At Geale's, in London's Notting Hill Gate, they have been frying them for 65 years, first as a local fish and chip shop, converting to a restaurant in Farmer Street in 1965. Chris Geale, a third-generation fish and chipper, has agreed to share his know-how.
There seems to be no dish so doggedly British as fish and chips, but it's not a particularly historic one, dating back merely to the end of the last century. Its origins are described in Gerald Priestland's popular history, Frying Tonight. He suggests that while fried fish, sold as a convenience food, surfaced around 1835, chips in their present form didn't appear until the mid-1880s. We'd always eaten potatoes as shallow-fried chunks but in 1884, says Priestland, imported French deep-fryers arrived, for the specific cooking of peeled a la mode potatoes.
Until 1940, due to the pungent smells from the undeodorised oils and fats used, fish and chip frying, along with blood-boilers' and gut -scrapers', was officially classed as "an offensive trade". It's now a very respectable profession and, in spite of inroads made by burgers, the KFC chain, Indian and Chinese takeaways, it is still the most popular fast food in Britain.
Mr Geale attributes the family's success to the exceptional flavour of his fish which is achieved by frying the fish in beef dripping rather than vegetable oil. "After the BSE scare, I stopped using beef fat, but customers complained." Mr Geale doesn't recommend deep-frying at home, and certainly not in dripping. "We cook at temperatures which are dangerous at home, the fish at 375F (200C) which is very hot. It's risky, since beef dripping catches fire at 420F (225C)."
The main feature of fish frying, he says, is to seal the batter and stop the fat getting into the food. He'd suggest shallow-frying at home, cooking small nuggets of fish in a batter, perhaps even in a wok.
Mr Geale has fish delivered daily from Grimsby: cod, haddock, sole, plaice, rock salmon. It is filleted (step 1), cut into 8-10oz pieces, the skin left on. "The skin holds it together in cooking. People like to eat it."
The batter is a commercial mix. They dust the fillets of fish in a bowl of very fine rice flour (step 2), dip it in the bucket of batter (step 3), shaking off as much as possible. "I'm in the business of selling fish, not batter. There are some who give fish fryers a bad name." The fish is cooked for six to seven minutes starting at 380F, allowing for the temperature to drop to 375F (step 4).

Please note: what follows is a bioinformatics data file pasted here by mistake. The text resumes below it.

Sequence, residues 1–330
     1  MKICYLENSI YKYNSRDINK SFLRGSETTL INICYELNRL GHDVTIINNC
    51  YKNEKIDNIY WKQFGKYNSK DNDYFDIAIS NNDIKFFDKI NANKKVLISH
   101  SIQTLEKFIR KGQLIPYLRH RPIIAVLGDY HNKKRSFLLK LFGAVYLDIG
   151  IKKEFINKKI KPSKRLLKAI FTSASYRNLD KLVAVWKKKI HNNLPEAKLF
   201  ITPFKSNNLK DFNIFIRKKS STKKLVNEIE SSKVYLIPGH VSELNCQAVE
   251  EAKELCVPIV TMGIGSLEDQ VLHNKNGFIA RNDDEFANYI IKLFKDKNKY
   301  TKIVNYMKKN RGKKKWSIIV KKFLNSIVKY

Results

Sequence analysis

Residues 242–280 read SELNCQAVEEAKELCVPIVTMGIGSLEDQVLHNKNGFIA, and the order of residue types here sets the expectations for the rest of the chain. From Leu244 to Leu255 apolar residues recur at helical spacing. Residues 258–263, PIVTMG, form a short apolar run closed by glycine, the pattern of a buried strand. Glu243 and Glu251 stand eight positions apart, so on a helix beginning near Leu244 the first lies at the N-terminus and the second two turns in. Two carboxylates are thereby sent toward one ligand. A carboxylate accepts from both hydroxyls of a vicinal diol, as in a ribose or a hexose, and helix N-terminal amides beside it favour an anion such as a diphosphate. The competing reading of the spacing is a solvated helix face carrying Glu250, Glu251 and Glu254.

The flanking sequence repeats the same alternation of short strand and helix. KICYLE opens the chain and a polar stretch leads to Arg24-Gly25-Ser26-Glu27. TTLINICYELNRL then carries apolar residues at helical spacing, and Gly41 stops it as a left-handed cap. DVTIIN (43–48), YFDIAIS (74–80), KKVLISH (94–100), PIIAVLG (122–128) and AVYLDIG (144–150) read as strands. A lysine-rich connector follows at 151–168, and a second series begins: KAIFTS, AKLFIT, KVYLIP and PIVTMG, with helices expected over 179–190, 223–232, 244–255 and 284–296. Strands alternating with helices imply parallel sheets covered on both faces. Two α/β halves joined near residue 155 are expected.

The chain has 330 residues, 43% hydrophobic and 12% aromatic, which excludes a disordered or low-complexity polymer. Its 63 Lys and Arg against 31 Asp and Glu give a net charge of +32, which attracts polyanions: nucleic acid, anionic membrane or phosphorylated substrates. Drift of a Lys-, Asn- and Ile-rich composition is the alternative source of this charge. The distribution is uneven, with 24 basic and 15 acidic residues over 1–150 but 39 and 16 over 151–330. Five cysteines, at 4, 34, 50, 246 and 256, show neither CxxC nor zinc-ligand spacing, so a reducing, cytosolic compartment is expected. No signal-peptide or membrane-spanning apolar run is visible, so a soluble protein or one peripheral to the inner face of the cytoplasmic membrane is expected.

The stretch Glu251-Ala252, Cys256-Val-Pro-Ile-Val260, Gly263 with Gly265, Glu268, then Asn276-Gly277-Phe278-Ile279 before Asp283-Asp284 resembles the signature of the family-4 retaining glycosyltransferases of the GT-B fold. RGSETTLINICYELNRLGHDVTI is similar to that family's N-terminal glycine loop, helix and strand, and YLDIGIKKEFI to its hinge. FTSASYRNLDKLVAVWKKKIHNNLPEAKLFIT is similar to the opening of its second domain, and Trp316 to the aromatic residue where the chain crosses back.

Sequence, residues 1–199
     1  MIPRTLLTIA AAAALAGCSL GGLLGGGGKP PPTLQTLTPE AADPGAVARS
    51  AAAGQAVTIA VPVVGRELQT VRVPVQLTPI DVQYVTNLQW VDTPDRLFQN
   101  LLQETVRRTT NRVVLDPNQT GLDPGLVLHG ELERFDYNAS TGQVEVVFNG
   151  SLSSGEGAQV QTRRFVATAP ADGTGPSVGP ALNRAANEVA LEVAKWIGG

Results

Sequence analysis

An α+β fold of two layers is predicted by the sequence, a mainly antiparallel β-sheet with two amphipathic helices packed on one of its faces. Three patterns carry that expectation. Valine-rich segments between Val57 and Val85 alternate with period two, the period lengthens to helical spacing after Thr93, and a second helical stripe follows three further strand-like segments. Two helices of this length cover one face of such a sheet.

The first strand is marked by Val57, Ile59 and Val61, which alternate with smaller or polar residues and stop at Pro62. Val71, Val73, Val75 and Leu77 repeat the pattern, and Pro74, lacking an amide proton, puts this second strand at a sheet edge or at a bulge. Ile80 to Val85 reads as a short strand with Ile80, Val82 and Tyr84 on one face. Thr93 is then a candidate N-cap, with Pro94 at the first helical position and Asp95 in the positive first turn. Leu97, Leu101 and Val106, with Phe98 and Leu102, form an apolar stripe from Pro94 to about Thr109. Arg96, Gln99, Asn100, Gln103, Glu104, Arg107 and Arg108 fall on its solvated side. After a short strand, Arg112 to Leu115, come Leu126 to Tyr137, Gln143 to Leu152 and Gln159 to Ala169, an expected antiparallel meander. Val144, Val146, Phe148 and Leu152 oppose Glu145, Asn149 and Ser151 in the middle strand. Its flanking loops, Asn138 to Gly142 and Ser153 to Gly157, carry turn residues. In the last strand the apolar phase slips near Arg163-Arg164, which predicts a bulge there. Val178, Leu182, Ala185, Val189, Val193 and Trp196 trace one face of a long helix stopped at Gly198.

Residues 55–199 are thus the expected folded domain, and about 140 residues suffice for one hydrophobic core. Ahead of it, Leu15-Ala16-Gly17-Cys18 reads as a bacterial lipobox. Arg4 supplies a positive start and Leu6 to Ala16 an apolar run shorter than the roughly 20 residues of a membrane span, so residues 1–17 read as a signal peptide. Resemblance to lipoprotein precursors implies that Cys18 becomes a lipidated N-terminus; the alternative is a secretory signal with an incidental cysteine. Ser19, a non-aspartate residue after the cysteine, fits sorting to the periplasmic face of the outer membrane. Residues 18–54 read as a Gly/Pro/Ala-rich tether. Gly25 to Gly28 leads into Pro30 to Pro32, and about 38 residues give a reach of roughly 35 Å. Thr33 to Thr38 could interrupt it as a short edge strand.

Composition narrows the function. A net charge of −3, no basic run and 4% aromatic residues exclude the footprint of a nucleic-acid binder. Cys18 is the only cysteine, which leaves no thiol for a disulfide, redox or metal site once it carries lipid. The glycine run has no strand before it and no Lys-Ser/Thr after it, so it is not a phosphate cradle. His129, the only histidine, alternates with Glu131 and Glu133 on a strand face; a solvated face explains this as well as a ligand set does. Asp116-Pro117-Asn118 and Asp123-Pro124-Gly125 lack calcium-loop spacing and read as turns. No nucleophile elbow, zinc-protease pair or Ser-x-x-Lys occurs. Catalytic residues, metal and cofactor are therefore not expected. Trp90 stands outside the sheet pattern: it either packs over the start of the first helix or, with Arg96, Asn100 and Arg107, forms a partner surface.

"I don't use a thermometer," says a voice at his elbow. "When it catches fire, you know the fat is too hot." Mr Geale's fish cook, Sam, who trained at The Seashell in Lisson Grove, is Egyptian. But cooking British fish and chips is second nature to him (do not the Egyptians have a wonderful tradition of deep- frying: think of those crunchy, moist balls of falafel?)
Sam doesn't time the fish. His ear rather than his eye tells him when they are done. "I can hear the fish talking to me. Each piece is different. They should be moist. Too dry and they are like cotton wool." (step 5)
Sam uses a commercial vegetable fat for the chips, but recommends sunflower or corn oil for the home cook. The quality of the potatoes is critical. Early season new potatoes are too wet, while old potatoes cook quickly and go brown too soon. The chipped potatoes need to be washed, well-dried then cooked in very, very hot oil. Serve with fish, peas and lemon (step 6).
There is another method for pommes frites, with potatoes cut more thinly, he says. Cook the chips in oil on a very low heat for 15 minutes. Drain, then raise the heat of the fat to around 380F, and fry the chips in small batches, crisping up the outsides in half a minute. Be warned, though, don't set fire to the kitchen!Reuse content